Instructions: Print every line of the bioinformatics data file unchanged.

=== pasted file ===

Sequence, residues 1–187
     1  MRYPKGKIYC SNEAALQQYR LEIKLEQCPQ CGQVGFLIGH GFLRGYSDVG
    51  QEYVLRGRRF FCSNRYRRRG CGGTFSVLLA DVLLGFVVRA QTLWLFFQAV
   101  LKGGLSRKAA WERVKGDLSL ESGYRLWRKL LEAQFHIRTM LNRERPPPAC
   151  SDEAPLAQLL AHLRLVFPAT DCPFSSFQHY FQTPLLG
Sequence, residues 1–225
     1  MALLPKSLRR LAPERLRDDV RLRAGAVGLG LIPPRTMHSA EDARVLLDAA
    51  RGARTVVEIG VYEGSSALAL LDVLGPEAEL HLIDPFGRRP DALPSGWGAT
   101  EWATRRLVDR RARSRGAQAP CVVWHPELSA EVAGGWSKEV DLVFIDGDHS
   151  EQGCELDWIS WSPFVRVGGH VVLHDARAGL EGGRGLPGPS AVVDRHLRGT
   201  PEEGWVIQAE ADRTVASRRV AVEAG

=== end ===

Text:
Sequence, residues 1–187
     1  MRYPKGKIYC SNEAALQQYR LEIKLEQCPQ CGQVGFLIGH GFLRGYSDVG
    51  QEYVLRGRRF FCSNRYRRRG CGGTFSVLLA DVLLGFVVRA QTLWLFFQAV
   101  LKGGLSRKAA WERVKGDLSL ESGYRLWRKL LEAQFHIRTM LNRERPPPAC
   151  SDEAPLAQLL AHLRLVFPAT DCPFSSFQHY FQTPLLG
Sequence, residues 1–225
     1  MALLPKSLRR LAPERLRDDV RLRAGAVGLG LIPPRTMHSA EDARVLLDAA
    51  RGARTVVEIG VYEGSSALAL LDVLGPEAEL HLIDPFGRRP DALPSGWGAT
   101  EWATRRLVDR RARSRGAQAP CVVWHPELSA EVAGGWSKEV DLVFIDGDHS
   151  EQGCELDWIS WSPFVRVGGH VVLHDARAGL EGGRGLPGPS AVVDRHLRGT
   201  PEEGWVIQAE ADRTVASRRV AVEAG